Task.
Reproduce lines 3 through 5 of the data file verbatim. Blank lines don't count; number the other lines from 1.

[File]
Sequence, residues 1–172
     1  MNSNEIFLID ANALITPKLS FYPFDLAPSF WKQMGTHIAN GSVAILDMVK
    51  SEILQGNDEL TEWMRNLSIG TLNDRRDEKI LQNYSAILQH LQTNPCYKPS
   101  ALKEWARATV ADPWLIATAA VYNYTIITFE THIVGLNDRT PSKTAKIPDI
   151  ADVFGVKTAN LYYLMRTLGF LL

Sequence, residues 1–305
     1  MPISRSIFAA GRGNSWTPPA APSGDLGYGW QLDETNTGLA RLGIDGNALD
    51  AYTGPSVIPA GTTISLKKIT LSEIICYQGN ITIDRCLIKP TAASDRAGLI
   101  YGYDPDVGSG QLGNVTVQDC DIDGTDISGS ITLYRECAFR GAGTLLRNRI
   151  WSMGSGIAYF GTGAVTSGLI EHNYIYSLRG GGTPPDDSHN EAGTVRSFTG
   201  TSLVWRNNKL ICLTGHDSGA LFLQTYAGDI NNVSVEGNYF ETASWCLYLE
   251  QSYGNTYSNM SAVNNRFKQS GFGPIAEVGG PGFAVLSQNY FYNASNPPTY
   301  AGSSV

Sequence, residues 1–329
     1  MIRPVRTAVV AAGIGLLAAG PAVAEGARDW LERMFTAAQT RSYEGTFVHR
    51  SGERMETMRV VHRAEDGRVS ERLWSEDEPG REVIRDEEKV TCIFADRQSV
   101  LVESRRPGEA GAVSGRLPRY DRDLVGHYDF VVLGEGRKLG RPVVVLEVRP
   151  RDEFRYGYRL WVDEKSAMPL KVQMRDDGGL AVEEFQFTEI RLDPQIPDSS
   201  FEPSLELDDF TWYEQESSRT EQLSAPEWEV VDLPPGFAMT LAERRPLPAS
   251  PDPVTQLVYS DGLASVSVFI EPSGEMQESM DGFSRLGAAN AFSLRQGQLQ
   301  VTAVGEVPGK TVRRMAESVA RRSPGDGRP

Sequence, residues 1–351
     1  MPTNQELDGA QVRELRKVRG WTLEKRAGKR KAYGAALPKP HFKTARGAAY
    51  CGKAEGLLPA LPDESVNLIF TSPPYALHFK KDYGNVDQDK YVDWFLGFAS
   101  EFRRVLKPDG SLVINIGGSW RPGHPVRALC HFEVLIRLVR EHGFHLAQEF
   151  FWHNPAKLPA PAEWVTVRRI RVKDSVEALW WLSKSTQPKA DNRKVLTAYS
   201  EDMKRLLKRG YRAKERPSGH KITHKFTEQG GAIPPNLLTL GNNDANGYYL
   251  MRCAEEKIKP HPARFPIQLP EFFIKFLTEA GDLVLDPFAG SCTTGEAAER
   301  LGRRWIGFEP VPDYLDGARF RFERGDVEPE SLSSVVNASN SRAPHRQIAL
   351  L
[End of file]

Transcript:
    51  SEILQGNDEL TEWMRNLSIG TLNDRRDEKI LQNYSAILQH LQTNPCYKPS
   101  ALKEWARATV ADPWLIATAA VYNYTIITFE THIVGLNDRT PSKTAKIPDI
   151  ADVFGVKTAN LYYLMRTLGF LL